Tie-dye is back and better than ever. In the last year, people have searched high and low for tie-dye kits to give their at-home wear a burst of color. But even before it became a TikTok-worthy trend, tie-dye has always been a go-to choice for popular Easter crafts, including decorating Easter eggs. It’s a step up from the single dip-dye method, but still easy enough for all ages to pull off.
Some people rely on a combination of paper towels and shaving cream or whipped cream to give their Easter eggs a tie-dye effect, but our simple how-to calls for liquid food coloring and a coffee filter. Really, the beauty is in its imperfections: Go wild with different color combinations (as many as you’d like!) until you nail your desired look. Although the Easter eggs are definitely eye-catching on their own, you can also build off the tie-dye base by adding puffy paint dots, tiny paper cut-outs, or another festive decoration of your choosing.
A lot of the standard egg dyeing rules apply here: Before you start tie-dyeing, make sure your work station is protected from inevitable dye drips with a paper towel, newspaper, or large plastic bag. You also want to give hard-boiled eggs plenty of time to cool before dyeing, so they are easier for all ages to handle.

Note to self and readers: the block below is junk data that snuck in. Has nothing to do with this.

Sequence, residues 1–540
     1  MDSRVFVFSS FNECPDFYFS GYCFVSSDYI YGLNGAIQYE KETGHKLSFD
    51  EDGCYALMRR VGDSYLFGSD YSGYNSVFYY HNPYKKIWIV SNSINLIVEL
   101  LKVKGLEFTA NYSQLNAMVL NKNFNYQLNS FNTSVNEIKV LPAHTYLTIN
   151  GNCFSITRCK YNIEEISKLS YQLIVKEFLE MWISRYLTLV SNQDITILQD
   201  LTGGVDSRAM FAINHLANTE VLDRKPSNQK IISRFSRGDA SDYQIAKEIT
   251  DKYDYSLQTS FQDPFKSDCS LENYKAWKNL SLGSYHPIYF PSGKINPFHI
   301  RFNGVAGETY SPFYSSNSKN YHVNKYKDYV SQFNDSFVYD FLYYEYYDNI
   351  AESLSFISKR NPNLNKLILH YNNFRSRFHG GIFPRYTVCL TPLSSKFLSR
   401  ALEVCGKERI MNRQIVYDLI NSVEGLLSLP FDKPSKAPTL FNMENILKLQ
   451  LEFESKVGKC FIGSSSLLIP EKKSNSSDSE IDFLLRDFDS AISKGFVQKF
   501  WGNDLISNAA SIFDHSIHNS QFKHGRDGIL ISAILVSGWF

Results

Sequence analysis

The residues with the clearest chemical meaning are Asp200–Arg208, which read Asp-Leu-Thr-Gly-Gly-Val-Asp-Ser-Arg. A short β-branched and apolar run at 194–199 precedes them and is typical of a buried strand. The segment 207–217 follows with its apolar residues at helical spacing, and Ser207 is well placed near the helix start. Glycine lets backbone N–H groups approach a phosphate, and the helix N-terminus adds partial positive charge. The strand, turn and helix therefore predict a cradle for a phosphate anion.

Once you prepare your space and boil some eggs, put on your rubber gloves and follow these five steps on how to make tie-dye Easter eggs.
How to Tie-Dye Easter Eggs
- Wearing rubber gloves, wrap an egg with a coffee filter and use a twist tie to secure the filter.
- Drop a few drops of food coloring randomly on the outside of the filter and let it soak in for a minute or two.
- Drop a few drops of another color in the same way without overlapping dyes. Continue this process with as many colors as you’d like.
- Using your spray bottle, wet the entire coffee filter. Squeeze the filter gently to make sure it’s wrapped snuggly around the egg.
- Let sit for about 10-15 minutes. Remove the filter and rinse the egg with cold water. Let it dry completely.
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